Climate change-induced dry spells have again come to haunt farmers. In the Ashanti Region, some farmers in Ejura are witnessing a repeat of dry weather conditions that hit some parts of the country last year.
These signals threaten the food security of a country like Ghana whose economy depends mainly on rain-fed agriculture.
Fuseini Issah is a basic school teacher but his love for farming is beyond dispute. But recent dry weather conditions are changing his general perception of agriculture.
Farmers are facing harvest losses as a result of unpredictable changing weather patterns. And Fuseini is staring at a huge loss.
“We were expecting our maize to be at the final stage now,” he said.
Switching from rain-fed agriculture to irrigation remains a challenge to many farmers. And depending on the weather forecast has proven difficult. Anas Shuaib’s maize farm is three months old.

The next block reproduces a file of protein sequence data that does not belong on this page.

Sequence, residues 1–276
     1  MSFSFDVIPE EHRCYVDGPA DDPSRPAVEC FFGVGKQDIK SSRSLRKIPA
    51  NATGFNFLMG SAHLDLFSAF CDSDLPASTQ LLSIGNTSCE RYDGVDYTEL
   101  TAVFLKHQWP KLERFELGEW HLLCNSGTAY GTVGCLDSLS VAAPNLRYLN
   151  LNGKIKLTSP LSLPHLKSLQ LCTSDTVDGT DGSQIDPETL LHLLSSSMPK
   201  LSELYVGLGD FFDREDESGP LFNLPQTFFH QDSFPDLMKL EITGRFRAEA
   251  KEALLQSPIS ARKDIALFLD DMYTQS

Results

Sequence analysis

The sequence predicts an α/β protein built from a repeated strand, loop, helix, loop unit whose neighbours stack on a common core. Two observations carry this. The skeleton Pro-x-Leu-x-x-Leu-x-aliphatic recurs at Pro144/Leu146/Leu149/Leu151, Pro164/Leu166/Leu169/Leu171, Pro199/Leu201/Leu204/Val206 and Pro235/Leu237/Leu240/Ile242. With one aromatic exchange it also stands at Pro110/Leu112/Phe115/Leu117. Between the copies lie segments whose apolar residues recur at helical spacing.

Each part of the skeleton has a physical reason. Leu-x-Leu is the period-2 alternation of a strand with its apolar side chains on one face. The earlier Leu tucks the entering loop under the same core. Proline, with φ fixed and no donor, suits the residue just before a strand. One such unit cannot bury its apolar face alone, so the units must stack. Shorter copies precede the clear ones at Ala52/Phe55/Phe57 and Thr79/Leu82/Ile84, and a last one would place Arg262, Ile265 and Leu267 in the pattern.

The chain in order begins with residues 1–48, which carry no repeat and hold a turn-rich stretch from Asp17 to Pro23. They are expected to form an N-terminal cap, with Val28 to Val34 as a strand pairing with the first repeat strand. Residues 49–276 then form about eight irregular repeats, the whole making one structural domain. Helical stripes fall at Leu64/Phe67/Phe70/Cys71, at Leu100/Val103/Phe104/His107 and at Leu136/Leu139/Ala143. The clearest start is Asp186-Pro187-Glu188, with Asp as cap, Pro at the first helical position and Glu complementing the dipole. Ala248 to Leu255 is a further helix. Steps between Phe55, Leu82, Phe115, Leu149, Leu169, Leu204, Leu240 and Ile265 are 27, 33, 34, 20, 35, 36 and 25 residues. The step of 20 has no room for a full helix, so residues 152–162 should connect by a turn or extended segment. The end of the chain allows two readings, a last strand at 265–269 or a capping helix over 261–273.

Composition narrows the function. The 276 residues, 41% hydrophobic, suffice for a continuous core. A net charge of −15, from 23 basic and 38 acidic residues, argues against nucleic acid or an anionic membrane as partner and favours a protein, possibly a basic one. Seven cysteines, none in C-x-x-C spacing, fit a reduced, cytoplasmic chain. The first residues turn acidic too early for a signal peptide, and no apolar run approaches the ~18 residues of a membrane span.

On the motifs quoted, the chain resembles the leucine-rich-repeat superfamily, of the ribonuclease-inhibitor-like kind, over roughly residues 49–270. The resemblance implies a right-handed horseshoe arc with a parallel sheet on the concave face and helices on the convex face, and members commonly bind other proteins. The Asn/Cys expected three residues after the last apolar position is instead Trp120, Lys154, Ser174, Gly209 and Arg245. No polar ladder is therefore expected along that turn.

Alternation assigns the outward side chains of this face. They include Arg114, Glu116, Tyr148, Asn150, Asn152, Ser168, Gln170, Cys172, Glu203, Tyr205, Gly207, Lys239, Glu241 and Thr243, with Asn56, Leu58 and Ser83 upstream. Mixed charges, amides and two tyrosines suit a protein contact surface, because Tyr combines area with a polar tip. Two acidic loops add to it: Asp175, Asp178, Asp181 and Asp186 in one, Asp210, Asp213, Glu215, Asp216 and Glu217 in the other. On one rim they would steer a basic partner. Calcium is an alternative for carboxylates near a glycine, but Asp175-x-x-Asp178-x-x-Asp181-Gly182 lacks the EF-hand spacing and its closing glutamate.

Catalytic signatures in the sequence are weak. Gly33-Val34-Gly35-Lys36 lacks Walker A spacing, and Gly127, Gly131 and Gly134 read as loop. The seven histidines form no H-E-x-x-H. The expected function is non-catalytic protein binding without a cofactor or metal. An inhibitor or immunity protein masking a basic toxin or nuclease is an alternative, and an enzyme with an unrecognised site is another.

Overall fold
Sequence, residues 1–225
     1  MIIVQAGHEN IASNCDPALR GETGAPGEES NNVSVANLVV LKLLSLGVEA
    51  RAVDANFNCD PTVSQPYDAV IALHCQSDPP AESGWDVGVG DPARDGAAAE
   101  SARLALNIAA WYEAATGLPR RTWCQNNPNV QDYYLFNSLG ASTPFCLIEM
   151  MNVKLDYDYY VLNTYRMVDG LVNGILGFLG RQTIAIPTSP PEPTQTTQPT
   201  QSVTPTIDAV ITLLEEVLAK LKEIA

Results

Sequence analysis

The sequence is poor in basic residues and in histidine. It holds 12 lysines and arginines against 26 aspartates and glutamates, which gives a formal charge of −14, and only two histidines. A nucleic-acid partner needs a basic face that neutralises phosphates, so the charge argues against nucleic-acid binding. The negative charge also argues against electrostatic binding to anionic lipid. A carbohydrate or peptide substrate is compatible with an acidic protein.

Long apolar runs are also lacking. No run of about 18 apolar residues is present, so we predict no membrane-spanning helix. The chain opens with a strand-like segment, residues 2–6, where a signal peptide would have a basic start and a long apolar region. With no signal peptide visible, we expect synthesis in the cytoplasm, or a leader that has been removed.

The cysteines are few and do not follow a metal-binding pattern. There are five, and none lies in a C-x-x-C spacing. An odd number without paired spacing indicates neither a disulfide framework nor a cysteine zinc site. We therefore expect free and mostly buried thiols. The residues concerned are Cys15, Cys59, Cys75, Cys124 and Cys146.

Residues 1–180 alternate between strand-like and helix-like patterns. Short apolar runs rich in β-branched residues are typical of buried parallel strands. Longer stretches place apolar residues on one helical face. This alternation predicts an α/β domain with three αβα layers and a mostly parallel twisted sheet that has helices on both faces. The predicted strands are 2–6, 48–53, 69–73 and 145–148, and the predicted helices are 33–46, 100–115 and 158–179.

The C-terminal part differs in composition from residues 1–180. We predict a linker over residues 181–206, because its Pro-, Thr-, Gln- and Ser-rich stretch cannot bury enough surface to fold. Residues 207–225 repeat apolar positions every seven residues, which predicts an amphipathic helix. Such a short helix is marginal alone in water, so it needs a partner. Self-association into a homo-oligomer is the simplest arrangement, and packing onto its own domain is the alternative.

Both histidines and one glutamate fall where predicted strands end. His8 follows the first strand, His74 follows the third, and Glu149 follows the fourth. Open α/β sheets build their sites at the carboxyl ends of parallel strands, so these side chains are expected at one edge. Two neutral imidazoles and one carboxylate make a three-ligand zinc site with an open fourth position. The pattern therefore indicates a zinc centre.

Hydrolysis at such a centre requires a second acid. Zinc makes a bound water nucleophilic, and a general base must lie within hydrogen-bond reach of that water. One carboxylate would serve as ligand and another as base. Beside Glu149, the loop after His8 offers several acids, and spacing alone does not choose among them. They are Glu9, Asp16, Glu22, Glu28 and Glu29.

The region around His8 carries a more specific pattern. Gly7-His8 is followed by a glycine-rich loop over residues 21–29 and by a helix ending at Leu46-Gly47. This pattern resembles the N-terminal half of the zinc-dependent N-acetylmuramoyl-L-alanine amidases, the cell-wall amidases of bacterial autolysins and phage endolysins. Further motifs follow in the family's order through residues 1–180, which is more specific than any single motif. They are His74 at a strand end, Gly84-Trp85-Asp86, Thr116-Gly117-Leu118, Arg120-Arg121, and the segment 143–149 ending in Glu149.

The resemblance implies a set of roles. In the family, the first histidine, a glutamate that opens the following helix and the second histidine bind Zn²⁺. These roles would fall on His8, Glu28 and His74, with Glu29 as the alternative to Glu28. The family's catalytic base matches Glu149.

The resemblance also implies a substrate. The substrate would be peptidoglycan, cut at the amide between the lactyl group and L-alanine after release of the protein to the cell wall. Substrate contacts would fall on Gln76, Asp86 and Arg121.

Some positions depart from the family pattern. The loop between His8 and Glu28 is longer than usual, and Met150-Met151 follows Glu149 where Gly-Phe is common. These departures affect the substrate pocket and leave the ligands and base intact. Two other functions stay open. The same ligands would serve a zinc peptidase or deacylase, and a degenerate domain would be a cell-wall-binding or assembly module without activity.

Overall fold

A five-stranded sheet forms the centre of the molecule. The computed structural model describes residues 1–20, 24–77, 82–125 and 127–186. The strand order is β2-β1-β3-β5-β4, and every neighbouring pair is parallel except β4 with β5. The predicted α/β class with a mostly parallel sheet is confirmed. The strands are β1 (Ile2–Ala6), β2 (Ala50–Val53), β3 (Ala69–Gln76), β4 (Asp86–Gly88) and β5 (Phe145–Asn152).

“I have planted three acres and I was expected to harvest 30 bags but there is nothing to show,” he says.
Some of the plants are stunted while others are now tasselling. But the tassels of the maize cob are not the usual.
Unpredicted weather patterns worldwide have become issues of concern.
And in Africa, where subsistence agriculture is prevalent, the situation becomes more difficult.
Assistant Director of Climate Services at the Kenyan Meteorological department recommends effective mitigation and adaptation measures.
Dr Richard Muita wants governments and stakeholders to consider water harvesting systems among others.
Unpredicted weather conditions are likely to affect Africa than other continents. However, a properly planned mitigation and adaptation process can change the story.